15. Nix v. Williams (1984) Question Presented: Was the victim’s body the fruit of an illegally-obtained confession? If so, should it be suppressed per the exclusionary rule? Explain. Respond to “In My Opinion…” in 3 to 5 lines.

  16. Nix v. Williams (1984) Question Presented: Was the victim’s body the fruit of an illegally-obtained confession? If so, should it be suppressed per the exclusionary rule? Explain. Respond to “In My Opinion…” in 3 to 5 lines. According to the U.S. Supreme Court...In a 7 to 2 ruling, the Court applied the “inevitable discovery” exception to the exclusionary rule. “The evidence clearly shows that the searchers were approaching the actual location of the body, that the search would have been resumed had respondent not led the police to the body, and that the body inevitably would have been found.” https://www.oyez.org/cases/1983/82-1651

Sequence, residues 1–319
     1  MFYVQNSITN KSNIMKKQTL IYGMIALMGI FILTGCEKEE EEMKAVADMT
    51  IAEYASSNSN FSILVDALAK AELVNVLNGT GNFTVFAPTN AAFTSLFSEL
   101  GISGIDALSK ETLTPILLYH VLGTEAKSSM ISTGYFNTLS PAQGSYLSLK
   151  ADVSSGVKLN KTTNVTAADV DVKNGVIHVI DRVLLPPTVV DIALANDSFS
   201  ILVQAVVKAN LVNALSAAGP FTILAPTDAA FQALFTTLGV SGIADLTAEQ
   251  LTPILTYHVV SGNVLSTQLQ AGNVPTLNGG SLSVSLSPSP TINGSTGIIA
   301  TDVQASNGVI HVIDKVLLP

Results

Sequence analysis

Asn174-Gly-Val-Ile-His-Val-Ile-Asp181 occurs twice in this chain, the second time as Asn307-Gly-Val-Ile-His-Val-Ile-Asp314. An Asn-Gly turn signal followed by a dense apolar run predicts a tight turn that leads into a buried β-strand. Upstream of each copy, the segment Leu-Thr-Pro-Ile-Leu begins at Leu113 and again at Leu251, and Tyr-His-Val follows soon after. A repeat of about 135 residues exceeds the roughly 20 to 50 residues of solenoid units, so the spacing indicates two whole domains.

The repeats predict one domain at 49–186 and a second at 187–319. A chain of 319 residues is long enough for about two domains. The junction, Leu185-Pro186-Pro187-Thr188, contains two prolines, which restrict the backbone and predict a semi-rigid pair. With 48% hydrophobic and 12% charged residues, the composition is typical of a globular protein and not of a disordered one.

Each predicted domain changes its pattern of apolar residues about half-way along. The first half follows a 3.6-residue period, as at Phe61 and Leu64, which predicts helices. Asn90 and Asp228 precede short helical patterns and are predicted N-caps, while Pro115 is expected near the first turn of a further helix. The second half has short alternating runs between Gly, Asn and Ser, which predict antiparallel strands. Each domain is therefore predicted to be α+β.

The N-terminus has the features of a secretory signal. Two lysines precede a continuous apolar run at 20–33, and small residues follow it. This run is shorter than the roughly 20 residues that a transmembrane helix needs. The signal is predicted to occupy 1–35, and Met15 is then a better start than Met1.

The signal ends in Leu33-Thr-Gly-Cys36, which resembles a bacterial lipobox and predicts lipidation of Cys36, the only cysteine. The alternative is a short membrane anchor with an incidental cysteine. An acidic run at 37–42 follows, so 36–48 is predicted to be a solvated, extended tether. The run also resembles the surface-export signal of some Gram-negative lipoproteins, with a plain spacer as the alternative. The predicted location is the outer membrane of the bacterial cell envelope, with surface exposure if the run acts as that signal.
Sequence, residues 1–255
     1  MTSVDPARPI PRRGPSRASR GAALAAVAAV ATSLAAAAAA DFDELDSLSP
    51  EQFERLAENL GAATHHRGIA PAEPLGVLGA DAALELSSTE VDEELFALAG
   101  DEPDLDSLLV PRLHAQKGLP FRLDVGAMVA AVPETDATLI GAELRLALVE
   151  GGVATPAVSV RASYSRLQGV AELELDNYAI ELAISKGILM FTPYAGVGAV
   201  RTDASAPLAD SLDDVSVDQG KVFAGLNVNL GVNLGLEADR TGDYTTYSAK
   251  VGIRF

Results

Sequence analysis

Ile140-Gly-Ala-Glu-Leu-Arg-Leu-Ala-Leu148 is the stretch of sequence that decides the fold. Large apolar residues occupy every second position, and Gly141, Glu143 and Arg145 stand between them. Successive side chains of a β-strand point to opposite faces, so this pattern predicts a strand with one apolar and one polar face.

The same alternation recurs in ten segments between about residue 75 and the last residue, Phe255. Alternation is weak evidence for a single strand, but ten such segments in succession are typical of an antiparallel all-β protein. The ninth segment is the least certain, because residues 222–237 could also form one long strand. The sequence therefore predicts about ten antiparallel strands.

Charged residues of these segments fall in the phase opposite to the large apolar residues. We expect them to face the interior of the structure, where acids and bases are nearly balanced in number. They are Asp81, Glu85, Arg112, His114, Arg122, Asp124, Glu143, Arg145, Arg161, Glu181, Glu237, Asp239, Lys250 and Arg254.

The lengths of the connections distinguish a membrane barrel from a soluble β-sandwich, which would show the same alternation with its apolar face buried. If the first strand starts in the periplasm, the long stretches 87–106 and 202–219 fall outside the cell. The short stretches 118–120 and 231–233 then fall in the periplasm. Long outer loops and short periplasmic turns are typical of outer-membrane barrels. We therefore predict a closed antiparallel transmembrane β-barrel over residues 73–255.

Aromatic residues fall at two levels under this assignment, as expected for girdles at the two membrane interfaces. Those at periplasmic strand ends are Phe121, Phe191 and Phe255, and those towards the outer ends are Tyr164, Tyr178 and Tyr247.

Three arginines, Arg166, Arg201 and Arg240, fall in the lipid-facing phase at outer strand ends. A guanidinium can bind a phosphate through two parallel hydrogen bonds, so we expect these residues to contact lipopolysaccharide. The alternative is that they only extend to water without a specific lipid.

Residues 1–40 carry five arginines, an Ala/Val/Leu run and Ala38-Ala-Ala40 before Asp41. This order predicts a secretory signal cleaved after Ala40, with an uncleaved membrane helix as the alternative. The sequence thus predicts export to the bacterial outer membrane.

17. Oregon v. Elstad (1985) Question Presented: Was Elstad's written confession made invalid by the failure of the officers to administer Miranda warnings at his home? Explain. Respond to “In My Opinion…” in 3 to 5 lines.

  18. Oregon v. Elstad (1985) Question Presented: Was Elstad's written confession made invalid by the failure of the officers to administer Miranda warnings at his home? Explain. Respond to “In My Opinion…” in 3 to 5 lines. According to the U.S. Supreme Court... In a 6 to 3 ruling, the Court held that while Miranda required that unwarned admissions must be suppressed, subsequent statements, if made knowingly and voluntarily, need not be. Elstad’s oral confession was suppressed, but his written confession was valid. https://www.oyez.org/cases/1984/83-773

  19. Colorado v. Connelly (1986) Question Presented: Did the taking of Connelly's statements as evidence violate the Due Process Clause of the Fourteenth Amendment?. Respond to “In My Opinion…” in 3 to 5 lines.